Retired: LOW// mki, Pinarello Dogma F10 \ F8, Lapierre Pulsium, TIME Fluidity, Wilier Cento1 SR, Ridley Noah, Cyfac Cadence, Cervelo S2, R3, R5, Felt Z25, Klein Quantum, Cannondale 2.0

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Lewn777
Posts: 833
Joined: Thu Mar 09, 2017 5:35 am

by Lewn777

I would be very careful about cutting seat posts and using small and light expanders. Likely you'll save 50g-100g between them but it could cost you your frameset.

The stem bolts need to be supported and some manufacturers recommend their OEM expanders only. Using a small lightweight expander could void your warranty and cause undue unintended stress on your steerer. Some manufacturers are okay with small and light expanders but most are not.

Some manufacturers demand that you use at least 10cm or even no more than 10cm inside the frame. Therefore if you cut a shorter seatpost than the OEM one even if you are longer than the marked minimum insert you can void your warranty. Some bikes are well reinforced around the seat post and top of the seat stays and brake bridge but some aren't. If your frameset or bike comes with a stock seat post than isn't a boat anchor I'd just leave it. If it came without one or was heavy find a nice one but measure 10cm inside the frame and ignore the minimum insert mark, any weight saved is a bonus.
Last edited by Lewn777 on Thu Nov 22, 2018 1:28 am, edited 1 time in total.

mag
Posts: 405
Joined: Thu Mar 16, 2017 12:23 pm

by mag

You may seal the frame and fill it with Helium as well ;-)

Anyway, drillium!

WILLIAMDENYS
Posts: 78
Joined: Fri Aug 24, 2018 5:06 pm

by WILLIAMDENYS

Lewn777 wrote:I would be very careful about cutting seat posts and using small and light expanders. Likely you'll save 50g-100g between them but it could cost you your frameset.

The stem bolts need to be supported and some manufacturers recommend their OEM expanders only. Using a small lightweight expander could void your warranty and cause undue unintended stress on your steerer. Some manufacturers are okay with small and light expanders but most are not.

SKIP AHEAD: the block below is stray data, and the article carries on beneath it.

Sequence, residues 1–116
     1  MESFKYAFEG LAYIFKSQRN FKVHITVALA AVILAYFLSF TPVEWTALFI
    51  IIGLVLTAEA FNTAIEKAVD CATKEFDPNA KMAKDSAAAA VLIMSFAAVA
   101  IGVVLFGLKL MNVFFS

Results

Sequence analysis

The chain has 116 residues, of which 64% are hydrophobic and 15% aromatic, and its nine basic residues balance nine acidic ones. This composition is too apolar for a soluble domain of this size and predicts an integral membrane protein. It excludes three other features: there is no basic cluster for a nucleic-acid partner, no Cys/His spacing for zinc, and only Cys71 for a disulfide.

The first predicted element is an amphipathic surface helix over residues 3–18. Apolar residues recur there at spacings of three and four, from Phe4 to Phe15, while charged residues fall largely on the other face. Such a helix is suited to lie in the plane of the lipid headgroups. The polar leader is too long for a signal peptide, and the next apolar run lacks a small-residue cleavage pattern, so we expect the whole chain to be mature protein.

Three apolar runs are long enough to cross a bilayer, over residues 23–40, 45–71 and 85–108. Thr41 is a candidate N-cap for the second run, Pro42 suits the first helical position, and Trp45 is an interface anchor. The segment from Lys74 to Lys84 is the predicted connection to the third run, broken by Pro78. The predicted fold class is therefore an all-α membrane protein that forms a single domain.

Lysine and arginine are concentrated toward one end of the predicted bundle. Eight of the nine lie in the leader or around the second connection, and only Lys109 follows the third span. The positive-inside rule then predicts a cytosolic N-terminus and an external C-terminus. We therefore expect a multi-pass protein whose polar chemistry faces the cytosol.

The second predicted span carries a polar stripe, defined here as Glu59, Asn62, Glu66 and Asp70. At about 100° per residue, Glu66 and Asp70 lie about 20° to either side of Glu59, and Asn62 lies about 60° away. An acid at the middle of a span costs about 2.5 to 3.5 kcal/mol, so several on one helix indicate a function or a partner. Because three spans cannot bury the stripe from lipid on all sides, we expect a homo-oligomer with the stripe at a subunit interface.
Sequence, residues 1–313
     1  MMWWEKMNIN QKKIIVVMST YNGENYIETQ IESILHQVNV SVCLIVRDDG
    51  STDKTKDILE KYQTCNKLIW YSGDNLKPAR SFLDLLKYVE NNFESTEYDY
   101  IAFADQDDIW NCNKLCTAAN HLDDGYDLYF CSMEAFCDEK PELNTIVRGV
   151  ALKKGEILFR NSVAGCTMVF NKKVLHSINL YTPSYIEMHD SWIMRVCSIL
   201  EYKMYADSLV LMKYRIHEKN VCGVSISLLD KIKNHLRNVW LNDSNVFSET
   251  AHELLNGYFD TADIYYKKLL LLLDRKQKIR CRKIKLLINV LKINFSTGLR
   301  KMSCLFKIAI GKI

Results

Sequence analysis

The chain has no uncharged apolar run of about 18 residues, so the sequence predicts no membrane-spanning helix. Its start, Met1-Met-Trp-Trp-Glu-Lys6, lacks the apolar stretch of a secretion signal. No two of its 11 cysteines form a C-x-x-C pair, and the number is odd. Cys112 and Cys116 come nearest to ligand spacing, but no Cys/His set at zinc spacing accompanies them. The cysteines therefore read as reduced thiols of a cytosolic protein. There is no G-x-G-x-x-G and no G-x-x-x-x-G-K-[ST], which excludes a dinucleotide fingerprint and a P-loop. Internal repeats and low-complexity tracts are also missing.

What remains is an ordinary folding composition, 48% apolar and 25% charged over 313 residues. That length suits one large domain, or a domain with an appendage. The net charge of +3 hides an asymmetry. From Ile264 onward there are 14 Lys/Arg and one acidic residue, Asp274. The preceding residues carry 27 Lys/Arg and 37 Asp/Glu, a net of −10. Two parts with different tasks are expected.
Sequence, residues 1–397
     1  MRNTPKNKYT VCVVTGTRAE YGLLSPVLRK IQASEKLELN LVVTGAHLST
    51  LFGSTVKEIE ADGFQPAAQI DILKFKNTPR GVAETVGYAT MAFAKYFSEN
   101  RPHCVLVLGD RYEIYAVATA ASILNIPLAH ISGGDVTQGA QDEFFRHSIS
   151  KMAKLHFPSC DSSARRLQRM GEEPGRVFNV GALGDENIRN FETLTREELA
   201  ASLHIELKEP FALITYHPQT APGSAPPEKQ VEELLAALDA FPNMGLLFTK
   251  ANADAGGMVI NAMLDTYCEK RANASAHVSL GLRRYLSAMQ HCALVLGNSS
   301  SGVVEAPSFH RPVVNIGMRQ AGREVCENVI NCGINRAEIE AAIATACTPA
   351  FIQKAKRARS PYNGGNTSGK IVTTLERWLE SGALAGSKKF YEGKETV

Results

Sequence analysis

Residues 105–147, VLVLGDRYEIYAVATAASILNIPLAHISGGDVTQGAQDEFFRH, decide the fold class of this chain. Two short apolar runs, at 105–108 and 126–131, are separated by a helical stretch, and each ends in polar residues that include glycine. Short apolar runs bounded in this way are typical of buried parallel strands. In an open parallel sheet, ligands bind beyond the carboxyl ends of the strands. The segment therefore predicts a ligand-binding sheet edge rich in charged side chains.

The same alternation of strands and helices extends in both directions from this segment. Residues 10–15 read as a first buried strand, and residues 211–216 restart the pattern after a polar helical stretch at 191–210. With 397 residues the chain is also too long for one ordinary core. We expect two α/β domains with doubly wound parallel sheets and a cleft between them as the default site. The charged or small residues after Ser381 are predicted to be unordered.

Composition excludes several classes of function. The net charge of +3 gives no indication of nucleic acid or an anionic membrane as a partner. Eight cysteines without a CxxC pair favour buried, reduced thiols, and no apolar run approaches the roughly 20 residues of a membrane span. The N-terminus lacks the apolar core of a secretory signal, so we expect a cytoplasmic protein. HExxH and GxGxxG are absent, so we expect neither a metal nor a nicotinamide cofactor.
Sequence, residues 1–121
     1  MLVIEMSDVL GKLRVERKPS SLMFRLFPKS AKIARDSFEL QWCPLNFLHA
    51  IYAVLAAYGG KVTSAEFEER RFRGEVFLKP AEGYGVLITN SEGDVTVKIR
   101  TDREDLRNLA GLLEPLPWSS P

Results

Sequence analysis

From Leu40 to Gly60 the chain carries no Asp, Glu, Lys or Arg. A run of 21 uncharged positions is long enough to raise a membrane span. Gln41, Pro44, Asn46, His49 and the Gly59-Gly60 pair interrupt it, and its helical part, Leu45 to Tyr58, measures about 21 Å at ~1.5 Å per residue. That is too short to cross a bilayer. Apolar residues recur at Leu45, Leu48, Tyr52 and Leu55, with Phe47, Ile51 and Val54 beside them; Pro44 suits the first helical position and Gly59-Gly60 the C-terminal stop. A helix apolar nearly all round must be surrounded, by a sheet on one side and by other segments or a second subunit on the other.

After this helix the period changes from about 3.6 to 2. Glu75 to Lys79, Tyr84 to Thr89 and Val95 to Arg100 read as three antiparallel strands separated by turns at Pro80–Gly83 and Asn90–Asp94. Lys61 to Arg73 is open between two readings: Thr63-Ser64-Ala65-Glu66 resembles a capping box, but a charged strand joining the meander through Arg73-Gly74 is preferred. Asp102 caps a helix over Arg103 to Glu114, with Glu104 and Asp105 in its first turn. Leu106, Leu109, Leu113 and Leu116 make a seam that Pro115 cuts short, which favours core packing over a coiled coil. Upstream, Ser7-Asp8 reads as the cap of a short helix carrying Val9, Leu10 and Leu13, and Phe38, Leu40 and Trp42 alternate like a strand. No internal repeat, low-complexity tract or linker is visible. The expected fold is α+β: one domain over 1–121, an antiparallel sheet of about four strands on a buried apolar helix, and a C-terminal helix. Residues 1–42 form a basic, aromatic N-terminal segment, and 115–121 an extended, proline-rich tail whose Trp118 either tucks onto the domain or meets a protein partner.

Some manufacturers demand that you use at least 10cm or even no more than 10cm inside the frame. Therefore if you cut a shorter seatpost than the OEM one even if you are longer than the marked minimum insert you can void your warranty. Some bikes are well reinforced around the seat post and top of the seat stays and brake bridge but some aren't. If your frameset or bike comes with a stock seat post than isn't a boat anchor I'd just leave it. If it came without one or was heavy find a nice one but measure 10cm inside the frame and ignore the minimum insert mark, any weight saved is a bonus.
Does the smaller expander destroy your tube because you tighten your handlebar where there is no pug inside?


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- ridley fenix sl 105 - not lightweight
- sworks tarmac sl 5 r8050 di2 - vision tc 24 wheels = 7,1kg

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pdlpsher1
Posts: 2424
Joined: Thu Jul 19, 2012 6:09 pm
Location: CO

by pdlpsher1

dmp wrote: Changing to Ti cleat bolts and washers for Look saved (if I remember correctly) less than 10g. But weight savings wasn't the reason I did it- it was because the Ti fittings don't rust, and cleat bolts are highly subject to rust.
+1. I got my Shimano cleat bolts and plates on eBay and shipped from China. Very high quality and they won’t rust.



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pdlpsher1
Posts: 2424
Joined: Thu Jul 19, 2012 6:09 pm
Location: CO

by pdlpsher1

WILLIAMDENYS wrote: Does the smaller expander destroy your tube because you tighten your handlebar where there is no pug inside?


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Yes. Most stem clamps are 40mm tall. You need an expanded that’s at least 45mm tall.


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WILLIAMDENYS
Posts: 78
Joined: Fri Aug 24, 2018 5:06 pm

by WILLIAMDENYS

pdlpsher1 wrote:
WILLIAMDENYS wrote: Does the smaller expander destroy your tube because you tighten your handlebar where there is no pug inside?